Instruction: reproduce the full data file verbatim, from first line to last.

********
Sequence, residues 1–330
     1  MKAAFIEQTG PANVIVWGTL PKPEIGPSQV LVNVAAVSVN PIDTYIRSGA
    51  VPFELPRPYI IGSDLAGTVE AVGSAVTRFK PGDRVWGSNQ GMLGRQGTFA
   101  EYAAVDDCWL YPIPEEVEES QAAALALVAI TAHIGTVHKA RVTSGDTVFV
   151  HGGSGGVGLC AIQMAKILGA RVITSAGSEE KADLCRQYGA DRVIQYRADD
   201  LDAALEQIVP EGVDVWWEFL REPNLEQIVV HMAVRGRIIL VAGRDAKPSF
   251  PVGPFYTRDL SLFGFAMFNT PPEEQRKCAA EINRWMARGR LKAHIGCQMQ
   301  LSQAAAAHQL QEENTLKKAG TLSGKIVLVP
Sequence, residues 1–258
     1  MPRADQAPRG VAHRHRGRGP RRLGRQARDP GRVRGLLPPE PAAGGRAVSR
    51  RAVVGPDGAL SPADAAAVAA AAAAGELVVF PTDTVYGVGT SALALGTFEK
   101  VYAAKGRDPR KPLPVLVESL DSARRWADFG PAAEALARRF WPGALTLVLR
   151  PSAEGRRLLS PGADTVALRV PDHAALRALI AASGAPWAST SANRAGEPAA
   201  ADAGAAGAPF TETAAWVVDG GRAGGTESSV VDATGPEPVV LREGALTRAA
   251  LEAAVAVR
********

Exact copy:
Sequence, residues 1–330
     1  MKAAFIEQTG PANVIVWGTL PKPEIGPSQV LVNVAAVSVN PIDTYIRSGA
    51  VPFELPRPYI IGSDLAGTVE AVGSAVTRFK PGDRVWGSNQ GMLGRQGTFA
   101  EYAAVDDCWL YPIPEEVEES QAAALALVAI TAHIGTVHKA RVTSGDTVFV
   151  HGGSGGVGLC AIQMAKILGA RVITSAGSEE KADLCRQYGA DRVIQYRADD
   201  LDAALEQIVP EGVDVWWEFL REPNLEQIVV HMAVRGRIIL VAGRDAKPSF
   251  PVGPFYTRDL SLFGFAMFNT PPEEQRKCAA EINRWMARGR LKAHIGCQMQ
   301  LSQAAAAHQL QEENTLKKAG TLSGKIVLVP
Sequence, residues 1–258
     1  MPRADQAPRG VAHRHRGRGP RRLGRQARDP GRVRGLLPPE PAAGGRAVSR
    51  RAVVGPDGAL SPADAAAVAA AAAAGELVVF PTDTVYGVGT SALALGTFEK
   101  VYAAKGRDPR KPLPVLVESL DSARRWADFG PAAEALARRF WPGALTLVLR
   151  PSAEGRRLLS PGADTVALRV PDHAALRALI AASGAPWAST SANRAGEPAA
   201  ADAGAAGAPF TETAAWVVDG GRAGGTESSV VDATGPEPVV LREGALTRAA
   251  LEAAVAVR